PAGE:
Home >BSI issues position paper on emergence of AI and machine learning algorithms in healthcare
BSI issues position paper on emergence of AI and machine learning algorithms in healthcare
11 February 2019
BSI, the business standards company, has undertaken research in collaboration with the US standards organization for medical devices, the Association for the Advancement of Medical Instrumentation (AAMI), to analyse the role that standardization can play in assisting the deployment of AI solutions in healthcare. This research has been undertaken with support from UK medical device regulator, MHRA.
Both the UK and US are acknowledged leaders in innovation for medical technologies and digital healthcare, with regulatory regimes that are considered to be amongst the most rigorous and responsive to innovation worldwide. Both MHRA and US FDA have a shared interest in the recommendations in this report.
Novel medical software can offer earlier diagnosis and targeted treatments for patients whilst ensuring efficiency in healthcare services. However, the emergence of AI and machine learning algorithms in what is already a highly regulated sector, is posing a challenge to future governance and regulation, in terms of safety and effectiveness.
The research, therefore, explored specific challenges relating to the deployment of AI in healthcare, including the ability of an algorithm to change its output in response to new data, and the level of autonomy introduced by the use of such software.
Anne Hayes, head of Governance and Resilience at BSI, said: "The healthcare sector is embracing AI with the expectation it can revolutionize patient care in the future, yet this must be balanced with the need to ensure consistency of safety, effectiveness, scalability and fitness for purpose. The recommendations offered in this position paper will ensure that we have a robust standardization framework to support the effective deployment of these innovative solutions."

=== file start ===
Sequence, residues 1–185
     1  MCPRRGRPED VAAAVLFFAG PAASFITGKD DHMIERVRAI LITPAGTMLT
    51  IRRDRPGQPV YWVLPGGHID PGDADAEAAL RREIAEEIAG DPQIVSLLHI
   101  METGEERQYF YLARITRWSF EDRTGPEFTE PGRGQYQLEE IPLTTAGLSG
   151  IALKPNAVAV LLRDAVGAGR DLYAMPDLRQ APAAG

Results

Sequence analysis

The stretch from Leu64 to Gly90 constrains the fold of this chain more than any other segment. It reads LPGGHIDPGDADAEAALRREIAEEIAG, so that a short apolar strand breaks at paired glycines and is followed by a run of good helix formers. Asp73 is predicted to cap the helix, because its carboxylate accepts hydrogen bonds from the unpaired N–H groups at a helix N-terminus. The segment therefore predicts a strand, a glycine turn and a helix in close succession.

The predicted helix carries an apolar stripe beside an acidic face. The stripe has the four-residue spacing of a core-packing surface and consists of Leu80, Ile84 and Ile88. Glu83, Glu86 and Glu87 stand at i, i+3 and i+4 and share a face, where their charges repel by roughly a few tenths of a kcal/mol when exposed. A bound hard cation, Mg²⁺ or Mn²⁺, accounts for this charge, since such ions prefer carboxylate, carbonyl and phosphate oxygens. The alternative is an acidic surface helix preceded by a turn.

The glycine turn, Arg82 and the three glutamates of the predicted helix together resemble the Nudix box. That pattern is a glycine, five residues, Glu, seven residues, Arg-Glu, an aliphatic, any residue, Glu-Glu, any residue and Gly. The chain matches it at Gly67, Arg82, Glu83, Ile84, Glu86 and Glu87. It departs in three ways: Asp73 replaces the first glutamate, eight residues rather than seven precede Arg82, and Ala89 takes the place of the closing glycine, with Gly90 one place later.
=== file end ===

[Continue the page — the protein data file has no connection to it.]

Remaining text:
Mark Birse, group manager, Device Safety and Surveillance at the Medicines and Healthcare Products Regulatory Agency, said: “We live in an increasingly digital world, both healthcare professionals, patients and the public are using software and stand-alone apps to aid diagnosis and monitor health. Making sure these new software devices including those using artificial intelligence, are safe and effective is a challenge for developers as well as users.
“Making sure the introduction and deployment of these tools into everyday healthcare is done safely is a priority for us as regulators. Standards will be a critical element of this.
“We were pleased to be able to initiate this important work and will continue to support both the emerging challenges, and the solutions.”
The paper recommends a phased programme of standardization activities, including development of guidelines to cover AI terminologies and validation approaches.